Run like a Shark for Sharks in Penang
Sharks play pivotal roles in marine ecosystems. Photo Credit: Pixabay
Come October 16, you can run like a shark. Dressed as one, that is … in a FINtastic Fun Run 2016, organized by WWF-Malaysia at Occupy Beach Street in George Town on the island of Penang.
The 5km shark-themed event will serve to draw attention to the plight of all endangered sharks living in Malaysian waters. All you have to do to become a “shark hero” is to help spread word of the event and participate in it. Once you complete the run, preferably dressed in a shark-themed costume for extra effect, you will receive a special commemorative medal.
The run is part of the conservationist group’s My Fin My Life campaign, whose purpose to “raise awareness on the importance of sharks in maintaining a balance in the marine ecosystem and sustaining our seafood.” Unrelenting demand for shark fins “is threatening not only the survival of sharks but also [that] of the human race,” WWF-Malaysia notes.
“WWF-Malaysia is happy to organise this run as part of the My Fin My Life campaign’s events, as it has so much significance to raise public awareness on the importance of sharks in our ocean and the urgency to protect them from near extinction. The My Fin My Life campaign’s goal is to engage 1,000,000 Malaysians to voice-out against shark fin soup consumption by signing a pledge at myfinmylife.com,” explains WWF-Malaysia executive director and CEO Dionysius Sharma.
“All parties ranging from consumers to governments play an important role to minimise threat of human impacts on sharks and marine ecosystems,” he adds. “For instance, Penang State Government has officially pledged to ban shark fin in their functions last year and this movement will help in promoting the urgency on the need to save sharks species.”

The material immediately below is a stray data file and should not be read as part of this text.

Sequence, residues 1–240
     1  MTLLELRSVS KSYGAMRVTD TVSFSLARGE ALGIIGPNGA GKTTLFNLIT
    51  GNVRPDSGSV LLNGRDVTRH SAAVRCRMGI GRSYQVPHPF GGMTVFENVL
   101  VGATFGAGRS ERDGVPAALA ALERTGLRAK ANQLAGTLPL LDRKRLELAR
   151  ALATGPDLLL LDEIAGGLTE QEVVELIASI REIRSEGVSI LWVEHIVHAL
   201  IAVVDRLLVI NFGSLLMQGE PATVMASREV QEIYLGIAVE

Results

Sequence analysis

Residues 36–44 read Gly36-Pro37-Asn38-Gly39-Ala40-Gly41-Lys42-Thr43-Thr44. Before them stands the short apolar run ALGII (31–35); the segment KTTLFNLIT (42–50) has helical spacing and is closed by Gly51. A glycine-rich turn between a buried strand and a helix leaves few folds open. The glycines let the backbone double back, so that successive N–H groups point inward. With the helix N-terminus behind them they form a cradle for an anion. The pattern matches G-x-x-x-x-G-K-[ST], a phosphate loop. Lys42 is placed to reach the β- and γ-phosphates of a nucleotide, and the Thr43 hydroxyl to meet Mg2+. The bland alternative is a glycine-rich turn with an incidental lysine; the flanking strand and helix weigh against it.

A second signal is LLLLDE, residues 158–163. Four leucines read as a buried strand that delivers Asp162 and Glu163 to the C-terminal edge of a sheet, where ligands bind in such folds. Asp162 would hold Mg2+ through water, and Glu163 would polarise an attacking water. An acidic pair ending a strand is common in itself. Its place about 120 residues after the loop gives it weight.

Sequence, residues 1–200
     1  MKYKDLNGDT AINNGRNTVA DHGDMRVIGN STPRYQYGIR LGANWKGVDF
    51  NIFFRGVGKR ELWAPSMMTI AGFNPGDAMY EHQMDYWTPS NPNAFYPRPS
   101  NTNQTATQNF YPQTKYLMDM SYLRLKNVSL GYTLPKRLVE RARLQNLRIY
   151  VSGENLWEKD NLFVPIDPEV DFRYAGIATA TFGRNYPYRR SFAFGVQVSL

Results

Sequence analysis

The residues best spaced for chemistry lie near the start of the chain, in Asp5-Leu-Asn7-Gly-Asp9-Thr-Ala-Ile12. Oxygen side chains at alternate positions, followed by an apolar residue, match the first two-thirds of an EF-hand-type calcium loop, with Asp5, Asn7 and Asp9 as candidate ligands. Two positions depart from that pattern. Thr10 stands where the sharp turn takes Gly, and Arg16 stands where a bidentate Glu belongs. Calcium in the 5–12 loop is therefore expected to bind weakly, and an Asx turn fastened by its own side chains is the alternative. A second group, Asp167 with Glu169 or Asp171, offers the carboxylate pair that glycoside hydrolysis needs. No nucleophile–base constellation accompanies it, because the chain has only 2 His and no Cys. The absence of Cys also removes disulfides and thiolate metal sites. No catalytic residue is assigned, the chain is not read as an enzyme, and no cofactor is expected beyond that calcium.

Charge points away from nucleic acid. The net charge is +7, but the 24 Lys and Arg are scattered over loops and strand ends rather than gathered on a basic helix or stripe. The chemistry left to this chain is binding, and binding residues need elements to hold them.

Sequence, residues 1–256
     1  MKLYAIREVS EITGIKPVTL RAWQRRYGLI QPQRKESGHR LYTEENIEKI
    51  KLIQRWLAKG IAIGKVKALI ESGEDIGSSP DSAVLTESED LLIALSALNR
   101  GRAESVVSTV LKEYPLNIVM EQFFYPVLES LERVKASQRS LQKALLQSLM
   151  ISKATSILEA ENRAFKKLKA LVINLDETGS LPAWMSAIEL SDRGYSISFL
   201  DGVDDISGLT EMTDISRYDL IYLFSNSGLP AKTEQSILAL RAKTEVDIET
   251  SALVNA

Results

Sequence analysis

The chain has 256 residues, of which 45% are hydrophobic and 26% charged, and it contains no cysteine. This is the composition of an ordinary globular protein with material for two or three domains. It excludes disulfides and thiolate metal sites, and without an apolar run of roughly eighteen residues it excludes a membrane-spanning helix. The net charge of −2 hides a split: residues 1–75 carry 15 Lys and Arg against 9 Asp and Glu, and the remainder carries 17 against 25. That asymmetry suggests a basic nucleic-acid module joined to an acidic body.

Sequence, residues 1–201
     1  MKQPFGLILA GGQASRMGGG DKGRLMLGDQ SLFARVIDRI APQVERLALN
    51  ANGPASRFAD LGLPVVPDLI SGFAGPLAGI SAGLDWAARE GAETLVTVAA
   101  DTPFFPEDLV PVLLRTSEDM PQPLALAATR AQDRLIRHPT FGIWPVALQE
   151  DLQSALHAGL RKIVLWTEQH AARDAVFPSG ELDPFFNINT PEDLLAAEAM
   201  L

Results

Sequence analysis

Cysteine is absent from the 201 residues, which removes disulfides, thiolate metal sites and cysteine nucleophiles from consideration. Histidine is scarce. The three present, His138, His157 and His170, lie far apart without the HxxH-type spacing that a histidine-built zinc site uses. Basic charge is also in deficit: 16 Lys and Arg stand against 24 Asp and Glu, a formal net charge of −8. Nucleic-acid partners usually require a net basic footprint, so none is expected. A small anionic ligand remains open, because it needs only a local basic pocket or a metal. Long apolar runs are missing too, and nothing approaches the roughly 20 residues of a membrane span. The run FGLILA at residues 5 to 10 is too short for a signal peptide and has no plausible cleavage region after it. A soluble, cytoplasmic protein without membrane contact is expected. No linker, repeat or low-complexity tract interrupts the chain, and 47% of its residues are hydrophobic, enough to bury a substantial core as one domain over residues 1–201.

Unless these majestic fish are much better protected, the days of sharks in Malaysian waters may well be numbered. Malaysia is among the world’s Top 10 producers of shark products and is the third largest importer in volume terms, according to the United Nations’ Food and Agriculture Organization. As much as 84% of imported shark fins are consumed locally. “Between 2004 and 2011, an average of 1,384 metric tonnes of imported shark fins were consumed annually in Malaysia,” WWF-Malaysia notes. “In the past ten years, the volume of shark fin consumption has increased by an average of 54% per year.”
These majestic fish – whose evolutionary lineage stretches back some 450 million years and which began to rule the oceans well before dinosaurs appeared on the scene – serve vital roles in marine ecosystems as the top predators in food chains. They keep fish stocks healthy by preying on weak, old and diseased specimens. Yet many shark species have been fished almost into extinction. They are especially prized for their fins, which are considered to be delicacies in many East and Southeast Asia nations, Malaysia among them.